The first solid details on the next update to Android, the 3.0 update code-named "Gingerbread," are beginning to pipe through and it seems as though Google is cracking down with stringent hardware requirements.
For starters, the technical specifications are among the most restrictive ever seen for a mobile platform. Android 3.0 will only work on phones that have a 1 GHz processor, 512 MB of RAM, and a 3.5-inch screen size.
Google has been plagued with dissent and frustration among Android users over what has become a very fragmented market. Apps that work on one phone may not work on others, and even worse they may actually cause some phones to crash.
That's mainly because Android phones range from very simplistic feature phones to ridiculously crazy smartphones, including the first mobile 4G handsets on the market.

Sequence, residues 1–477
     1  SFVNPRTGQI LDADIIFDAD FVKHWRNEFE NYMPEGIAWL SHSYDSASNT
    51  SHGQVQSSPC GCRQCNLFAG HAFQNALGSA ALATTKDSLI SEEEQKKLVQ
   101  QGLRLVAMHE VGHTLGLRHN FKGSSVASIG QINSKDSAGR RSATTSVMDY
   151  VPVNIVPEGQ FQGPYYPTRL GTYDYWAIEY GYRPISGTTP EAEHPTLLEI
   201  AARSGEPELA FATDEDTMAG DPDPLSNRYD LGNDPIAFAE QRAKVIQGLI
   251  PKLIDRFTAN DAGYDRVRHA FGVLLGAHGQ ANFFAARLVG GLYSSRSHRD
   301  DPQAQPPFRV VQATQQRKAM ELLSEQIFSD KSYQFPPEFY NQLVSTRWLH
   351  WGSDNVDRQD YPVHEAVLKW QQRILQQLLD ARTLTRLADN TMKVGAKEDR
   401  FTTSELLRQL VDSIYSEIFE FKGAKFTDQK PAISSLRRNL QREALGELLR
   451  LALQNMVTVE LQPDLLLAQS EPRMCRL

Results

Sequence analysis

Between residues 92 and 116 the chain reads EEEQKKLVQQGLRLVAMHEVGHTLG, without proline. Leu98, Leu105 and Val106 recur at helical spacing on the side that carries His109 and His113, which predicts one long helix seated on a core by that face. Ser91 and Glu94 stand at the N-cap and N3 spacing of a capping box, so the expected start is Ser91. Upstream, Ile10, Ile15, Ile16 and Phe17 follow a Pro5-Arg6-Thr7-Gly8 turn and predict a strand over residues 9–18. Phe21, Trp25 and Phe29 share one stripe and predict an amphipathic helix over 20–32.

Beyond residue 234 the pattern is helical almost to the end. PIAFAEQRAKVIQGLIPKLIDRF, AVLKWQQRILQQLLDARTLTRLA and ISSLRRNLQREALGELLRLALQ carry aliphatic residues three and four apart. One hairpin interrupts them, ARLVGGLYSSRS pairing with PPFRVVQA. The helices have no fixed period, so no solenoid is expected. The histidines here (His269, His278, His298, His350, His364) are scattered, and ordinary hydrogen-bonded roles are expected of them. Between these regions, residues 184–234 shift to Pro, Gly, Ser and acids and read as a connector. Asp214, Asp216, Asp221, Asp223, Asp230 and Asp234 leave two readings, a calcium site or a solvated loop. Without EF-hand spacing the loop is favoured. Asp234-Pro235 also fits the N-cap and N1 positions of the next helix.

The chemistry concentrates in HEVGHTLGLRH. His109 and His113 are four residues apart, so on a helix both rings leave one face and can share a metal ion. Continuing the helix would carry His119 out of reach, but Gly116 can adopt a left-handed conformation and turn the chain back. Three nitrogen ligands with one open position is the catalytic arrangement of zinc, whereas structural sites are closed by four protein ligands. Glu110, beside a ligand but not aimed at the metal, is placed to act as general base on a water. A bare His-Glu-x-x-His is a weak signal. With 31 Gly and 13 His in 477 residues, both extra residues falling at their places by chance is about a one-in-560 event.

The Gingerbread update will, as speculated, also completely change the main user interface. There will be more animations and transition screens between menus and apps, and it will be easier to find content.
These details are all according to a report from an Adroid developer on Unwired Review, who claims to have gotten an early look at the specs. Actual development kits are not expected to be widely available until October.
The new OS will do little to quash the concern over the millions of consumers who have already purchased an Android phone and will be incapable of downloading the 3.0 update. But moving forward, it seems Google wants there to be a bit more uniformity in its mobile space.